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What are Ticks?

Ticks are the oldest and most enduring group of arthropods and have survived over millions of years with minimal change.1

Alberta is home to many species of ticks. Most tick species in Alberta do not carry Borrelia burgdorferi, the bacteria that can cause Lyme disease in people. However, there is evidence that tick species capable of carrying the bacteria are expanding their range in Canada. The range and population size of several important tick species are increasing, thanks to their ability to adapt and disperse.

Even though ticks are dependent on blood as their sole food source and require a blood meal at each stage of their development, they not only continue to survive but prosper.2

In addition to the impact of tick infestations on vertebrate hosts, ticks transmit a greater variety of pathogens than any other arthropod group. The pathogens they transmit include fungi, viruses, bacteria.1

 

Tick prevention

It is important to prevent ticks from coming into contact with your skin. There are several ways to prevent exposure to ticks.

  • Wear clothing that covers your arms and legs.
  • Tuck your pants into your socks or even put athletic tape around openings in clothing so ticks have no access.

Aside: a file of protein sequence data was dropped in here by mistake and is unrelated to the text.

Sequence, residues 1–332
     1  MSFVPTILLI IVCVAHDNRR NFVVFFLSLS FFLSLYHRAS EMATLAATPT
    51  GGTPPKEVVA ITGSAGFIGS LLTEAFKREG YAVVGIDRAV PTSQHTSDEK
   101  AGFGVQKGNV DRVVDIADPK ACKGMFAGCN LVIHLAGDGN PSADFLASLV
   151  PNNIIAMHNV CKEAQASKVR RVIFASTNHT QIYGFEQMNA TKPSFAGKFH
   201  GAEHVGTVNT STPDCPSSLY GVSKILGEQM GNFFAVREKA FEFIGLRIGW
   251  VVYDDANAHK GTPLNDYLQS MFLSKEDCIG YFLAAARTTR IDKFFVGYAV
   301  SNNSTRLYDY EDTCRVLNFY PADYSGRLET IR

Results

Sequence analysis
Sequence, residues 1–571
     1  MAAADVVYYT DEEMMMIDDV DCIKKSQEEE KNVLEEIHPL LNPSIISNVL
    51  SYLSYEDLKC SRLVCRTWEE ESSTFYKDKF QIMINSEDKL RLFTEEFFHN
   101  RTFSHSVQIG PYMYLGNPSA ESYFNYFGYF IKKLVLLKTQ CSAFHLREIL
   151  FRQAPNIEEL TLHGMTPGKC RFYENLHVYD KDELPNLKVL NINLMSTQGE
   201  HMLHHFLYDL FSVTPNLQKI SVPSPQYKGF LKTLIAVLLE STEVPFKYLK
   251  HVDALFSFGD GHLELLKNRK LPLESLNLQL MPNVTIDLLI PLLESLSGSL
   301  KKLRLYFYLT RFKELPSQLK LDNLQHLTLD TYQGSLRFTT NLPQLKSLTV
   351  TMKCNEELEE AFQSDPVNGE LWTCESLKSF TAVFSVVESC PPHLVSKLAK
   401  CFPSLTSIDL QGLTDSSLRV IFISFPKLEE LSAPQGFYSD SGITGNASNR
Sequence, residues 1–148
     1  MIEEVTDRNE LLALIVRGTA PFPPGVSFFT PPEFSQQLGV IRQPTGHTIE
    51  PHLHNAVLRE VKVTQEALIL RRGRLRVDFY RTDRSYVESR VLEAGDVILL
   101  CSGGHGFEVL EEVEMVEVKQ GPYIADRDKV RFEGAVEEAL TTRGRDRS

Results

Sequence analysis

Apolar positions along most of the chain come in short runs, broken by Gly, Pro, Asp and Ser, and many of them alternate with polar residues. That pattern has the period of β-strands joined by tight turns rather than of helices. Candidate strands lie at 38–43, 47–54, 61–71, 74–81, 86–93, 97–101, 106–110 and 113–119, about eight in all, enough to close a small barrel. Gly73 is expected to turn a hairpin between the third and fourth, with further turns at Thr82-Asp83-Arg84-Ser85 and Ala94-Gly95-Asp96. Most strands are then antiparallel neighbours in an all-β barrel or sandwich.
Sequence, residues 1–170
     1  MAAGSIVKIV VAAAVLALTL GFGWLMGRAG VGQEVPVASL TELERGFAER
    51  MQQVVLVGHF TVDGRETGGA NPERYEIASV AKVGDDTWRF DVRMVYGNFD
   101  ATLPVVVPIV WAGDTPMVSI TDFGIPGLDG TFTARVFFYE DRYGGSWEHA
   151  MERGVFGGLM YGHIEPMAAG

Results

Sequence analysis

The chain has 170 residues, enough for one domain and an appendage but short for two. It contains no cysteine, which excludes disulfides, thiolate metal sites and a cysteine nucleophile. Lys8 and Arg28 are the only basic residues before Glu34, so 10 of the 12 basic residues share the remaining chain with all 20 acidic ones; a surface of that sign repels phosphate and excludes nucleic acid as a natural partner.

• Wear light-colored clothing so ticks are more visible.
  • When you are in the woods, keep to the center of the trail, where ticks are less likely to be (ticks tend to stay in shrubs and bushes).

As soon as you return to base camp or home, check yourself or have a family member help check you for ticks. Use a fine-tooth comb through your hair and check folds of the skin. You should also shower and wash your clothes at a high heat so any ticks on you are killed.

 

Removing Ticks

Ticks that are attached to skin must be removed as soon as possible. If they are attached for more than 24 hours, the risk of transmission of Borrelia bacteria increases.3

  • Use fingers, tweezers or a tick remover from a pharmacy. Grasp the tick near the skin and pull it straight out. It does not matter if parts of the tick's biting tools remain in the skin.
  • A little antibiotic-containing ointment can be put on the bite site.
  • Do not lubricate the tick with oil, grease, butter, petroleum jelly, alcohol or candle wax as this may delay tick removal, with a greater risk of disease transmission as a result.
  • Remove the tick as soon as possible. If the tick is attached for more than 24 hours, the risk of transmission of borrelia bacteria increases.
  • Contact your doctor if you notice a red rash spreading around the tick bite within 3 days to 4 weeks after the bite.
  • Contact your doctor if you get a fever, swollen lymph glands, or general malaise. These symptoms can come and go.

1 Dennis D.T. & Piesman J.F. (1991). – Tick-borne diseases of humans (J.L. Goodman, D.T.  Dennis & D.E. Sonenshine, eds). ASM Press, Washington, DC, 3–11.
2 de la Fuente, J., Kocan, KM., & Contreras M. Prevention and control strategies for ticks and pathogen  transmission. Rev. Sci. Tech. Off. Int. Epiz., 2015, 34 (1), 249-264.
3 Norwegian Institute of Public Health [web: https://www.fhi.no/en/el/insects-and-pests/ticks-and-tick-borne-diseases/preventing-ticks/] Retrieved Mar 2020.

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